Reprocessing fracking water into usable components

Vancouver Sun:
A research team at the University of British Columbia is pioneering a water treatment technology for gas extraction that could significantly reduce the environmental impact of hydraulic fracturing.

Advanced dialysis cells developed at UBC use excess carbon dioxide to desalinate waste water for reuse and also produce hydrochloric acid and carbonate salts as byproducts on site, which are used in fracking and would otherwise have to be purchased and transported long distances, said Alfred Lam, who was a project member during his doctoral studies.

Hydraulic fracturing — popularly known as fracking — involves injecting large amounts of water, grit and chemicals into gas and oil wells under high pressure to fracture the rock and release natural gas. When the pressure is released, million of litres of contaminated, briny water backflows out of the well and must be treated, said Lam, who is helping shepherd the project as an adviser for Vancouver-based Chrysalix Energy Venture Capital, which specializes in early-stage clean energy projects.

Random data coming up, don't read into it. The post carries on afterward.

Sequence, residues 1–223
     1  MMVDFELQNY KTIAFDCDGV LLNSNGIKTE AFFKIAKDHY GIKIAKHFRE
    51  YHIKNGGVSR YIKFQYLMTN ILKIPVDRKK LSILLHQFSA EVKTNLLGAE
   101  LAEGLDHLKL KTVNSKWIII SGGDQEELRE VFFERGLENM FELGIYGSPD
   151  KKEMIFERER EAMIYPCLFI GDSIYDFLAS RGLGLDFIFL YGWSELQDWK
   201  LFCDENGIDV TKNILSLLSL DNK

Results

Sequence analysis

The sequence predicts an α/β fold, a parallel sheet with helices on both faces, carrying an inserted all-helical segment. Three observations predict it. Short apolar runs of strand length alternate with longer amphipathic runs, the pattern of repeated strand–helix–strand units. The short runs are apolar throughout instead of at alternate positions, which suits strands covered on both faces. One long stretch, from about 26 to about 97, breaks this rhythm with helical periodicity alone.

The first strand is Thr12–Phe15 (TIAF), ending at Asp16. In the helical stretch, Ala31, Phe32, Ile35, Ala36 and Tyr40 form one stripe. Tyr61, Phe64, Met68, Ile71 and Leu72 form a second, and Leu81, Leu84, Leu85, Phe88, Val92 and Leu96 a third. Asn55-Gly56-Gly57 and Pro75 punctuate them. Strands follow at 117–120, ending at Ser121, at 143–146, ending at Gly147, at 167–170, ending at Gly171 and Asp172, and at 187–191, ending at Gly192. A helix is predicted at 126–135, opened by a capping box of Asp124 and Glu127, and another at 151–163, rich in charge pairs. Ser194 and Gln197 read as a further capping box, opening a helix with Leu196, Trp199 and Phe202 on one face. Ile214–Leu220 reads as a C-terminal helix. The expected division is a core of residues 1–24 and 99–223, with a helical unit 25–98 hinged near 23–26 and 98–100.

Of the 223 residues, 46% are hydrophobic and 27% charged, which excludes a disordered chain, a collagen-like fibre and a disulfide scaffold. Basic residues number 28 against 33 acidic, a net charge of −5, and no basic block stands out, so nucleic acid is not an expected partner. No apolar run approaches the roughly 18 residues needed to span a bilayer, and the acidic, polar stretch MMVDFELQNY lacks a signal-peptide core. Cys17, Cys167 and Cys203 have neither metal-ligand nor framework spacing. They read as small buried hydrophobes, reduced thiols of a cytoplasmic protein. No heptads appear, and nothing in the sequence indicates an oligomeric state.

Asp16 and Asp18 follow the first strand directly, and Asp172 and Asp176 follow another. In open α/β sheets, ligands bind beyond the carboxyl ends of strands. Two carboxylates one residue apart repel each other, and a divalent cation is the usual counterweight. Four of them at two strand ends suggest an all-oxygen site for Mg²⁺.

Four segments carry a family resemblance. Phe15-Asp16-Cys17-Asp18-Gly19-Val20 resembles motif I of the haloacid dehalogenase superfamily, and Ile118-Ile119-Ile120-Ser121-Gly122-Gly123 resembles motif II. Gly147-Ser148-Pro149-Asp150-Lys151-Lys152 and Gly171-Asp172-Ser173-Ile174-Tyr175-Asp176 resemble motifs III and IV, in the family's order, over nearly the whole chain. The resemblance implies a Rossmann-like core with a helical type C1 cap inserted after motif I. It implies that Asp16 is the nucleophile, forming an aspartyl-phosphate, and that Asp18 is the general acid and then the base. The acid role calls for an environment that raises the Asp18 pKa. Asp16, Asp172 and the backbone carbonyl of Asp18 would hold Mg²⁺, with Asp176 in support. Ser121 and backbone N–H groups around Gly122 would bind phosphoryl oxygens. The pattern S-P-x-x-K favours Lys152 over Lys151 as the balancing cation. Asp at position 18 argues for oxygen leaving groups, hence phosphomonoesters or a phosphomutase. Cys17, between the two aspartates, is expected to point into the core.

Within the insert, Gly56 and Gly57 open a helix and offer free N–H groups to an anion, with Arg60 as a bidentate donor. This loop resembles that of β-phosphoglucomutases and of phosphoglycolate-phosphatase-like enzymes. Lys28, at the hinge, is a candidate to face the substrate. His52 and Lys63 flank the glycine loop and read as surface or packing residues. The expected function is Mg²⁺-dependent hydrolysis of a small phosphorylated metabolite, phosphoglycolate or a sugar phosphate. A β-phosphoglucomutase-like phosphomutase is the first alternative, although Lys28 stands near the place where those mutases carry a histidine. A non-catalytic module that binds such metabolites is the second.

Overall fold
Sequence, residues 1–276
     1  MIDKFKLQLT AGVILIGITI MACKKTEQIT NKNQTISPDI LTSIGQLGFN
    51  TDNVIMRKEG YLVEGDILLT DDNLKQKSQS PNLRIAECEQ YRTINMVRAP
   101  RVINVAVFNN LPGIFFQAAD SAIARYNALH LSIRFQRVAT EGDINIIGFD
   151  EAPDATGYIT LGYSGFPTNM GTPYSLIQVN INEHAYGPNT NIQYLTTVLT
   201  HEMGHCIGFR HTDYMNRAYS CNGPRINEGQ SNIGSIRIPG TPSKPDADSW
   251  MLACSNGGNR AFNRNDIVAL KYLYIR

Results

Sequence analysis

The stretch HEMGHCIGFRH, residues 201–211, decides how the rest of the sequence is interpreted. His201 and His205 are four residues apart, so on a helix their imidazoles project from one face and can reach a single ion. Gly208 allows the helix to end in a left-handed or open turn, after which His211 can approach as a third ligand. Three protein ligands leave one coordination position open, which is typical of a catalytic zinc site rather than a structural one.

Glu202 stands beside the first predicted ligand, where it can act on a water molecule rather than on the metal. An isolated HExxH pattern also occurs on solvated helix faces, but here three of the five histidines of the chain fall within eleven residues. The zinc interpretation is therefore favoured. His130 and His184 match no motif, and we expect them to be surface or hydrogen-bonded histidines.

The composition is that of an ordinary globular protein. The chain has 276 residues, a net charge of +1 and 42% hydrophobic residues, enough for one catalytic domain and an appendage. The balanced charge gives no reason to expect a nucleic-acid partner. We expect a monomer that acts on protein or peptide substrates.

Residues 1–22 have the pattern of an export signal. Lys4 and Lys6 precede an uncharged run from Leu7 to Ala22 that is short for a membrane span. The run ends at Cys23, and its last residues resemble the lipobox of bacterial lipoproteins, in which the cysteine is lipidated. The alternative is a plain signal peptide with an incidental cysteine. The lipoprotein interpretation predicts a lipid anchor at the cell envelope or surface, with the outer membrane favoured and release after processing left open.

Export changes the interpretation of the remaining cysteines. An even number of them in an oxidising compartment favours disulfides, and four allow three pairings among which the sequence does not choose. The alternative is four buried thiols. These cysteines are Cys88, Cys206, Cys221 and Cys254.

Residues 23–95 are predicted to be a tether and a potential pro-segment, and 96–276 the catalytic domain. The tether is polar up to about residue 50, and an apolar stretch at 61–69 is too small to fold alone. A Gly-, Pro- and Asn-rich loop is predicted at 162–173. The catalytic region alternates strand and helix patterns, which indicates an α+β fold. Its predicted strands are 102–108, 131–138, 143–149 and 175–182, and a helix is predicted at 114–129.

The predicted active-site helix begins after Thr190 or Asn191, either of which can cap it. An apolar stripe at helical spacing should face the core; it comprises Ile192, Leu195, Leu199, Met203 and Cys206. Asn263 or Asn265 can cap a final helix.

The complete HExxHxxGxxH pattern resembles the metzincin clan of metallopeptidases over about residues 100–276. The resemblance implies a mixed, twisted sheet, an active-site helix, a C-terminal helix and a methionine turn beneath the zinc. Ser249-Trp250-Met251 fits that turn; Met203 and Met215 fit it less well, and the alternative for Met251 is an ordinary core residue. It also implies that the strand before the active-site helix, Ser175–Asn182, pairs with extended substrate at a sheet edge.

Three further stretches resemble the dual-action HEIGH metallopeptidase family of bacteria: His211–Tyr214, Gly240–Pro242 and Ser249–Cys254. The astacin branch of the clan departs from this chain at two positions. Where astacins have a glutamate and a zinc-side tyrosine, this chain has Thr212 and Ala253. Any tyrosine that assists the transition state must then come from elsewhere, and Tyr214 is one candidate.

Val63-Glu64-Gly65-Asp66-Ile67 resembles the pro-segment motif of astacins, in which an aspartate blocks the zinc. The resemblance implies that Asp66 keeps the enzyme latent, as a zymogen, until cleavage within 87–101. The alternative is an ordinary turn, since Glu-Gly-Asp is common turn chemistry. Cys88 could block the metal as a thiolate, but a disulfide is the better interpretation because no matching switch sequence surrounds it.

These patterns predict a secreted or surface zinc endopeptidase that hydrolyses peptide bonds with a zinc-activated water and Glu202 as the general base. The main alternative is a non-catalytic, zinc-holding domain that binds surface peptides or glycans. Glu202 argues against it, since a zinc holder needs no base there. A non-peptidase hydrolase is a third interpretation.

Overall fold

Waste carbon dioxide is produced by gas flaring and the operation of generators at well sites.

The process is designed to address both carbon management and water desalination, while supplying a part of the industry’s chemical requirements.
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There is more.

This process could lead to greater efficiency in the process of extracting energy.  It should also lead to the reuse of fracking water which should save millions of gallons.  I wonder if it is also a more efficient desalination process for sea water.  If so that could be the answer to the water needs for coastal communities.

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